Objective: To evaluate the relationship between Twitter mentions and academic citations in otolaryngology literature.
Study design: Retrospective cross-sectional analysis.
Setting: Altmetric Twitter mention and Google Scholar citation rosters.
Methods: Original research articles from 10 leading otolaryngology journals were assessed 26 months after print publication. Article Twitter mentions were tracked through the Altmetric Bookmarklet, and article citation data were determined through the Google Scholar search engine. Twitter mentions and citation metrics of articles were compared through 2-tailed t test analysis (P < .05).
Results: Of all articles, 50.7% (152/300) had at least 1 Twitter mention. Of all article Twitter mentions, 25% (432/1758) happened within the first week of online publication dates, while 64% (1130/1758) occurred between online and print publication dates. Articles mentioned on Twitter had 1.6-fold more Google Scholar citations (8.6 ± 0.7, mean ± SD) than articles with no Twitter mentions (5.4 ± 0.4, P < .01). A total of 8% (24/300) of publications were tweeted by their authors. Articles self-tweeted by authors were associated with an 8.4-citation increase (14.8 ± 3.1) for Google Scholar when compared with articles not shared by their authors on Twitter (6.4 ± 0.4; 2.3-fold increase, P < .01).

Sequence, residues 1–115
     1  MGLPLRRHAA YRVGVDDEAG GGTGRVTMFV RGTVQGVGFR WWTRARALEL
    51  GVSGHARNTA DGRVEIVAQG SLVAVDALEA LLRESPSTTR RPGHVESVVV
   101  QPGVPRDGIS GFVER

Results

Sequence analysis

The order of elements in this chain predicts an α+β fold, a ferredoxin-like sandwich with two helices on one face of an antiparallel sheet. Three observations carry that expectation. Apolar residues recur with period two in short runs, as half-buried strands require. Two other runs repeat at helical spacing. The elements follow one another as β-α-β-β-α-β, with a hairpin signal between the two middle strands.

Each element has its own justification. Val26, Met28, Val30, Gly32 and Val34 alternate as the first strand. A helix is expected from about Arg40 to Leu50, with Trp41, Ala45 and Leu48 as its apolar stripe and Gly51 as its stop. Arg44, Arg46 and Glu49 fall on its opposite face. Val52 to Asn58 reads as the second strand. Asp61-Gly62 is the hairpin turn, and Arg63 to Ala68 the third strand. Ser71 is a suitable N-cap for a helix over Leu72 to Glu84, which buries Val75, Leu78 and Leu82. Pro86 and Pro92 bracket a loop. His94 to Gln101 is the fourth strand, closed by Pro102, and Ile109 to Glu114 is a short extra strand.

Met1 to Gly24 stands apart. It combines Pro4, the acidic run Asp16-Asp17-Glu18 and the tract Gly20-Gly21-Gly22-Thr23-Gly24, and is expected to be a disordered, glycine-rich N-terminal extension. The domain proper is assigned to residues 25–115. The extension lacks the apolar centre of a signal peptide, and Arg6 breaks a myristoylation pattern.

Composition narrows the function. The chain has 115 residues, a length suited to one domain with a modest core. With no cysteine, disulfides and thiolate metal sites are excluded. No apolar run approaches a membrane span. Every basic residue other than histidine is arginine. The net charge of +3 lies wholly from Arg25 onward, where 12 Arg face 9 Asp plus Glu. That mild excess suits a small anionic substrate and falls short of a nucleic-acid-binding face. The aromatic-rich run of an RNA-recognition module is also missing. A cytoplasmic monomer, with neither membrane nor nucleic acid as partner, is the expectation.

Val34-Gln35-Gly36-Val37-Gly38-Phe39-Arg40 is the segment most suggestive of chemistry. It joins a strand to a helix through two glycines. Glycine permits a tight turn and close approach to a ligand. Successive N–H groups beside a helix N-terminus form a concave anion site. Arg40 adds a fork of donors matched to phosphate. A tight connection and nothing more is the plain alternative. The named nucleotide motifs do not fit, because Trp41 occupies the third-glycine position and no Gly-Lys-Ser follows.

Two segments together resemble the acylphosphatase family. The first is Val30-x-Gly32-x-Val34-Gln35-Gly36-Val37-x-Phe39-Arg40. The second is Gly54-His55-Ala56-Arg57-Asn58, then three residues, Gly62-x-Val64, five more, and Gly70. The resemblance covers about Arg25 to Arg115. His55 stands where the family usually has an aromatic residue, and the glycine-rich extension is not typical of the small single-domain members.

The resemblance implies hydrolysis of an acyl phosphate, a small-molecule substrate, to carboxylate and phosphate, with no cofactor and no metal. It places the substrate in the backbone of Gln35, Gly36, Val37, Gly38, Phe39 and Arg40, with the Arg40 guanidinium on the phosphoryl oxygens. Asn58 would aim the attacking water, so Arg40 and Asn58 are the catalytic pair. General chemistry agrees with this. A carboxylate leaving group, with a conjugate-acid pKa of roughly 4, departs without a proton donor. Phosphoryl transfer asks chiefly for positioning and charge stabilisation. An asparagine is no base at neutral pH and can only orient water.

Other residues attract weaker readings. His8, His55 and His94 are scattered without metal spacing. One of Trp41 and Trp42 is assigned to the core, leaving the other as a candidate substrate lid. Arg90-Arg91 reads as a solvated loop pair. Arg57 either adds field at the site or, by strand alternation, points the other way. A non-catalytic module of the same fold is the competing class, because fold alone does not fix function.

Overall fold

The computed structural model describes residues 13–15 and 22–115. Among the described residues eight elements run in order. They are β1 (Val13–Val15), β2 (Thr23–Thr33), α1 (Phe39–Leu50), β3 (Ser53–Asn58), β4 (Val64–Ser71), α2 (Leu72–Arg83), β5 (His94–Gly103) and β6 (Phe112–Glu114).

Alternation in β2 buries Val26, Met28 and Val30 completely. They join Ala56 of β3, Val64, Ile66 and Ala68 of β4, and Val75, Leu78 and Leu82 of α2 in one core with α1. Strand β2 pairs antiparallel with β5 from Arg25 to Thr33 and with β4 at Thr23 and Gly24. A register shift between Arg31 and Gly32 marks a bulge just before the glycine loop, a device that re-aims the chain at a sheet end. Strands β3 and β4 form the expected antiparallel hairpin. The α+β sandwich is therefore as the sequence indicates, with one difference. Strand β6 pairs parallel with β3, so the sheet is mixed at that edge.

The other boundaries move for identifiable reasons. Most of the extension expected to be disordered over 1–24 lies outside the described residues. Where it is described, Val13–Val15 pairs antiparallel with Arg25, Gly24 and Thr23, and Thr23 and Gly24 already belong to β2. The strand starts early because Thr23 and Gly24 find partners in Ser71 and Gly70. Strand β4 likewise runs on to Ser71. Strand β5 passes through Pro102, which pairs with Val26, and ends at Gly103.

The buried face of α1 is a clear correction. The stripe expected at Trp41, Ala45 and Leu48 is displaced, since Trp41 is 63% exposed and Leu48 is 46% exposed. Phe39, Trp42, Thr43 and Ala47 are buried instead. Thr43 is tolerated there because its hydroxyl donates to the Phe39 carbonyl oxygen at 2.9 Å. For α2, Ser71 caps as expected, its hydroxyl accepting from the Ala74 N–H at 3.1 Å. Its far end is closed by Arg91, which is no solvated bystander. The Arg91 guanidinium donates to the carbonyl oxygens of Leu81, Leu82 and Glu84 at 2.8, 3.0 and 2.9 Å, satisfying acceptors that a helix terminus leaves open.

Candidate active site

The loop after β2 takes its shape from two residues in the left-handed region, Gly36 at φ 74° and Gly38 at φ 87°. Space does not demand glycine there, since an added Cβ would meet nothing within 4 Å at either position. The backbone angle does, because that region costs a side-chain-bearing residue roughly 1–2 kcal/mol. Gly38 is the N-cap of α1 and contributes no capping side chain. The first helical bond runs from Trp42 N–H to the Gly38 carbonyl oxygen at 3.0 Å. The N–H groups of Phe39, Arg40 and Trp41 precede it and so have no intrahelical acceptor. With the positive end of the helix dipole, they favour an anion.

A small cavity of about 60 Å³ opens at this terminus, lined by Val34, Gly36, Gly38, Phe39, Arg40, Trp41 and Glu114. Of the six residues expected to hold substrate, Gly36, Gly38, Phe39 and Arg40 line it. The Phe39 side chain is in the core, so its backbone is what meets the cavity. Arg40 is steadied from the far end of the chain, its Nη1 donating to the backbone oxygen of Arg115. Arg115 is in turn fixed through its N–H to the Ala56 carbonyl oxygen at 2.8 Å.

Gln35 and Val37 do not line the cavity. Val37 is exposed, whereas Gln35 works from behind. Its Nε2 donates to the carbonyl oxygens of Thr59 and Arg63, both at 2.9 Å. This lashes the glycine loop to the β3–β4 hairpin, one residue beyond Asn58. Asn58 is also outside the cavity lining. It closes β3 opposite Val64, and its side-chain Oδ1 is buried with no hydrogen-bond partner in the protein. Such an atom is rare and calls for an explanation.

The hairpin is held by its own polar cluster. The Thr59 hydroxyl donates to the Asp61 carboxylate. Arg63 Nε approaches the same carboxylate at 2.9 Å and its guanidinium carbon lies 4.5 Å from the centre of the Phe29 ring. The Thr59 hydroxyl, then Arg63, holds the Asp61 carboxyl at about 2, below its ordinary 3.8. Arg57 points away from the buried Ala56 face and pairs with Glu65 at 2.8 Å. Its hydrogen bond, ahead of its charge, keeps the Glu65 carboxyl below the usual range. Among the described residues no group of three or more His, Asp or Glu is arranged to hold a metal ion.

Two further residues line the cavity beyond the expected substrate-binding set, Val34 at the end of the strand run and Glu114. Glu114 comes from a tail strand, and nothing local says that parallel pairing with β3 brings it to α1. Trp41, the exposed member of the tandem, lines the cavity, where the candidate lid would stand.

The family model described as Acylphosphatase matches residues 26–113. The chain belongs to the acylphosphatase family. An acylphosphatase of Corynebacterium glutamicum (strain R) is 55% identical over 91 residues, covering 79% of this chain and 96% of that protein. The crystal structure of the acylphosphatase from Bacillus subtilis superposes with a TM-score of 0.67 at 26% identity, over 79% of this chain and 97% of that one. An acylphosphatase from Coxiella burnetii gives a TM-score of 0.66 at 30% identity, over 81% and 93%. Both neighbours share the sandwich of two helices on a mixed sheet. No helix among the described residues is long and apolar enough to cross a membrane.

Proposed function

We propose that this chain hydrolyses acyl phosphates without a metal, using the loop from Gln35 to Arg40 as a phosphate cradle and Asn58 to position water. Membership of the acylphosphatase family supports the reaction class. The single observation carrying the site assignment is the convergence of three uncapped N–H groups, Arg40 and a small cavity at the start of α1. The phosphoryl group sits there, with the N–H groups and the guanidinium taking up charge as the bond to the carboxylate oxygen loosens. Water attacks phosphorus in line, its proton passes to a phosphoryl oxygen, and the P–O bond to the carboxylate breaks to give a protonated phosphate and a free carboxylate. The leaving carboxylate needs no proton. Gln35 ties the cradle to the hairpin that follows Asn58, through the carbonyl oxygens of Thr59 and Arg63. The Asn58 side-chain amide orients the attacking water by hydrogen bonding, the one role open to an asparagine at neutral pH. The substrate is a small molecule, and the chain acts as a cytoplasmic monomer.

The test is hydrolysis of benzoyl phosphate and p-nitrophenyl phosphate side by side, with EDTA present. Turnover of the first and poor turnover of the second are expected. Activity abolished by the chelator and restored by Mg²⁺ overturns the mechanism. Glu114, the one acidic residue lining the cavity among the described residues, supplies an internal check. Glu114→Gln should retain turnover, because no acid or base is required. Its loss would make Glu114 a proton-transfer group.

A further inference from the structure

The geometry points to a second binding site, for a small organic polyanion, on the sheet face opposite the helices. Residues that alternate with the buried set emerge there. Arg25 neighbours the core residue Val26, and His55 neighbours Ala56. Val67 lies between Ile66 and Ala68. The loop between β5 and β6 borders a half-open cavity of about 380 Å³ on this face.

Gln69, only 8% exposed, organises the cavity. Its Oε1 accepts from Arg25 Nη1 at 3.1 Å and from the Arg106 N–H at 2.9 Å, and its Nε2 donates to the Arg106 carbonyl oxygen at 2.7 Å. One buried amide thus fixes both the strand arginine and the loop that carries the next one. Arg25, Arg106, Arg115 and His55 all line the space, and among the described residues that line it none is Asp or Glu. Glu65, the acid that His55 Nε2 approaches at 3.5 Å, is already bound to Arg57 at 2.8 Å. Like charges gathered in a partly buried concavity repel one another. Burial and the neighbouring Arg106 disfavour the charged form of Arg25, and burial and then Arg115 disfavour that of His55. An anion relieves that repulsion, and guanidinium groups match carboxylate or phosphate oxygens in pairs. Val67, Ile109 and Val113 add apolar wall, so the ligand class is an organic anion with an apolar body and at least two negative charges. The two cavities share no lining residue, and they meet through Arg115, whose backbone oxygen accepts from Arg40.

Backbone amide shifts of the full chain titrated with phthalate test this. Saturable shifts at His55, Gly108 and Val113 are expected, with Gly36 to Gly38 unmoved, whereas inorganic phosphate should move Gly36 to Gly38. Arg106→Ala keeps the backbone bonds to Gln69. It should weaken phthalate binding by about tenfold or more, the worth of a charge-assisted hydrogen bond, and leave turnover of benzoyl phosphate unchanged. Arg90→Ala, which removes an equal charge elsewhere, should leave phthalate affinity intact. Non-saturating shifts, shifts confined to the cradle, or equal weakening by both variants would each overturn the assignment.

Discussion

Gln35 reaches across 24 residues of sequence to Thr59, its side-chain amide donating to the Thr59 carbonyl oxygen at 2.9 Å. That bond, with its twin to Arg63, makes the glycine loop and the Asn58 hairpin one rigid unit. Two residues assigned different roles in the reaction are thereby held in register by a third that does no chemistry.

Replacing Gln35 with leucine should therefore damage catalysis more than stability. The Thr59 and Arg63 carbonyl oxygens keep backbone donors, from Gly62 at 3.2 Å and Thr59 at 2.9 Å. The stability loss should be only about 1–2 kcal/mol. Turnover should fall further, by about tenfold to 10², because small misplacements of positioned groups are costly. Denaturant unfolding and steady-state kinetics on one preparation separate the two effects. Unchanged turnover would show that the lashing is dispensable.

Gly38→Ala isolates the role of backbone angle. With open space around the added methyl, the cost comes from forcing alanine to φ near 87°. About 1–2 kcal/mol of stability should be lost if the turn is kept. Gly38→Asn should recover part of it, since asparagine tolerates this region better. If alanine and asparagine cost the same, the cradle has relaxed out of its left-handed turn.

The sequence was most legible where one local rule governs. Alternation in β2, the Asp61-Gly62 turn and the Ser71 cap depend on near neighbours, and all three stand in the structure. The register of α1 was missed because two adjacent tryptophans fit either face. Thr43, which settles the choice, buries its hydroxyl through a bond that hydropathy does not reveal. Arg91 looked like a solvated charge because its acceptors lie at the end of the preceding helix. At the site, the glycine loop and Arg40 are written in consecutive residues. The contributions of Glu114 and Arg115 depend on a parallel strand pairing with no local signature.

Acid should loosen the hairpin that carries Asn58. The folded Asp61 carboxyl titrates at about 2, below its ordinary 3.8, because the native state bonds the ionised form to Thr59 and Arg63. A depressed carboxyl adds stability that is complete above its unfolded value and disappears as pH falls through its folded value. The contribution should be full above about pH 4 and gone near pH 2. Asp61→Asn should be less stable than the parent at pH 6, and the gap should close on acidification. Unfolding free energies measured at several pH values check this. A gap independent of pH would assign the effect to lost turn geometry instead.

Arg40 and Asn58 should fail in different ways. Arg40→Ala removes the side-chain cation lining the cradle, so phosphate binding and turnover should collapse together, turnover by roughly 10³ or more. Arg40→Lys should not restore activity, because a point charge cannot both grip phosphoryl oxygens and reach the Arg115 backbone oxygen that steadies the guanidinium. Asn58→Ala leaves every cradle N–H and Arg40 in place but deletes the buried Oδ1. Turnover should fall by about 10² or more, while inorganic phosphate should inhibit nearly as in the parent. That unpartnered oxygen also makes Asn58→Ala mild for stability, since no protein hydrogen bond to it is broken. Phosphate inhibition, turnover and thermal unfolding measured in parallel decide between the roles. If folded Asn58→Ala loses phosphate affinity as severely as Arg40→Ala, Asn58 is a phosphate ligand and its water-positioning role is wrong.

Conclusion: Most otolaryngology articles are disseminated over Twitter, with greatest Twitter activity occurring before print publication date of articles. Citations within 2 years of release are positively associated with the number of mentions on Twitter. Article Twitter mentions may augment the academic influence of otolaryngology publications.
Keywords: Twitter; altmetrics; otolaryngology journals; social media.